How Compliant are you as a Landlord ?

As my usual custom I called up all my landlords to have an annual review on the state of their property and to make them aware of anything new or new legislation they need to be aware
I was greatly impressed that most of my landlord are aware of the new changes that are coming to affect this year.
I feel it would be nice to share some of the new laws coming into effect in 2018 with all the landlords out there Let’s see how many of you are aware of and how many you’ve got in place:

The 5 Things Landlord’s need to be aware of:
New EPC Regulations - The Energy Efficiency (Private Rented Property) (England and Wales) from April 2018, landlords of privately rented domestic and non-domestic property in England or Wales must ensure that their properties reach at least an Energy Performance Certificate (EPC) rating of E before granting a new tenancy to new or existing tenants. from 1 April 2020 for domestic properties, and from 1 April 2023 for non-domestic properties.

Right to Rent: As a landlord it’s your responsibility that you check that a tenant or lodger can legally rent your residential property in England. 
Before the start of a new tenancy, all tenants aged 18 and over must be checked, even if: they’re not named on the tenancy agreement, there’s no tenancy agreement, the tenancy agreement isn’t in writing. The maximum penalty a landlord can face for non-compliance is up to £3,000 per tenant and/or a custodial sentence.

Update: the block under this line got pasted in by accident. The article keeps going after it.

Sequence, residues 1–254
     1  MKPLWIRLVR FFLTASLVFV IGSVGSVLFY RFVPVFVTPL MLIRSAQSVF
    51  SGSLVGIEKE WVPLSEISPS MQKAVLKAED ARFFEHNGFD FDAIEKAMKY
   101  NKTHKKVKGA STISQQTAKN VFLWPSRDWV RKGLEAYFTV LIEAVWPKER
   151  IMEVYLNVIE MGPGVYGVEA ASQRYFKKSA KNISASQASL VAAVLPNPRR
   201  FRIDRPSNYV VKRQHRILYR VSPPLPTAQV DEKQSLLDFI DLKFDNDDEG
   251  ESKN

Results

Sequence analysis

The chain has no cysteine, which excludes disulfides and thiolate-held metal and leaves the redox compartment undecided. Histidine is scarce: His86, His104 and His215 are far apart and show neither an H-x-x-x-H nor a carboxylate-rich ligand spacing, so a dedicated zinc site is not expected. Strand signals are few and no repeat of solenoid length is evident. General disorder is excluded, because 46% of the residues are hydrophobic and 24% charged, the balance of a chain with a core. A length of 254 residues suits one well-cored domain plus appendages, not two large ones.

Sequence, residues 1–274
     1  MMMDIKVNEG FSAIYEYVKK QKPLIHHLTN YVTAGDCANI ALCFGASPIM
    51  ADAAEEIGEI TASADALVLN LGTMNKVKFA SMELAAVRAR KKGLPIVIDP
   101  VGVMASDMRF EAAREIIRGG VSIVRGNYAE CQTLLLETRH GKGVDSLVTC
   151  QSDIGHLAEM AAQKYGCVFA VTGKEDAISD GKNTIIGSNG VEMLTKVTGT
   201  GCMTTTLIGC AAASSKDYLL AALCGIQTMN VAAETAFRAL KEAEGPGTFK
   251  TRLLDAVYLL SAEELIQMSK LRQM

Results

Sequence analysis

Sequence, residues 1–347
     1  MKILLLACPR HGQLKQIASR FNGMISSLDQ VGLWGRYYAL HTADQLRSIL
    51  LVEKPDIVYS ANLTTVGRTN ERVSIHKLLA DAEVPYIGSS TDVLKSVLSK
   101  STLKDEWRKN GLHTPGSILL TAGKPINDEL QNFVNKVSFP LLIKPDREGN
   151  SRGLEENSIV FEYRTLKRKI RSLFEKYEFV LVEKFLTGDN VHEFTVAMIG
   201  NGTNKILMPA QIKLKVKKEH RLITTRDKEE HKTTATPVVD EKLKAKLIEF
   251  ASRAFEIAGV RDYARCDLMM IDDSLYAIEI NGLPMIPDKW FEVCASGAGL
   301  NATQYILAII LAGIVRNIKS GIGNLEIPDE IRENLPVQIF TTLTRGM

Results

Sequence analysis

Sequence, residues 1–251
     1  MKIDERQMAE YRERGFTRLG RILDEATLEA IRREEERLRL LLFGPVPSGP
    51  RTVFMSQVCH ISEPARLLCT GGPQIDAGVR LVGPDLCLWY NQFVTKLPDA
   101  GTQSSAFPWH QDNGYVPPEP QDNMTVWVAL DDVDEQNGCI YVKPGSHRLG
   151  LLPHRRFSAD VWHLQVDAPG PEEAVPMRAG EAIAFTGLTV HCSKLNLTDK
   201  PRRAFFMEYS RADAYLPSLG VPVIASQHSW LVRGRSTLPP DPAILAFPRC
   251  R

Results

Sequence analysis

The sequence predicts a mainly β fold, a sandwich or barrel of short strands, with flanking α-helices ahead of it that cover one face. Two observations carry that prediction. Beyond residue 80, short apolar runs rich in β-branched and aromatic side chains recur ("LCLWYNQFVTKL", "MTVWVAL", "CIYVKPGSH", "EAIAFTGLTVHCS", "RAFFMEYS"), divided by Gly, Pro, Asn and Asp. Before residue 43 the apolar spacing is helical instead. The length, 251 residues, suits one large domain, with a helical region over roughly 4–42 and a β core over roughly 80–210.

Tenancy Deposit Legislation - All landlord in England must put all tenants deposit in a government-backed tenancy deposit scheme (TDP) if the home is an assured shorthold tenancy that started after 6 April 2007.

Smoke Alarm Regulations – For landlords, regulations for smoke alarms and carbon monoxide detectors are non-negotiable. From 1 October 2015, private sector landlords must have at least one smoke alarm installed on every storey of their property, with a carbon monoxide alarm in any room containing a ‘solid fuel burning appliance’, e.g. a coal fire or wood burning stove. Landlords must also ensure all alarms work properly at the start of each new tenancy. Failing to do this you can expect, you can expect a fine of up to £5,000 for not complying.

How to Rent Guide As part of the new S.21 for Landlords in England on the 1st of October 2015, landlords are now required to serve their tenants with a booklet (How to rent: the checklist for renting in England) if they wish to serve a valid S21 Notice: without this a landlord would be unable to request a s.21 notice.

Go back to the blog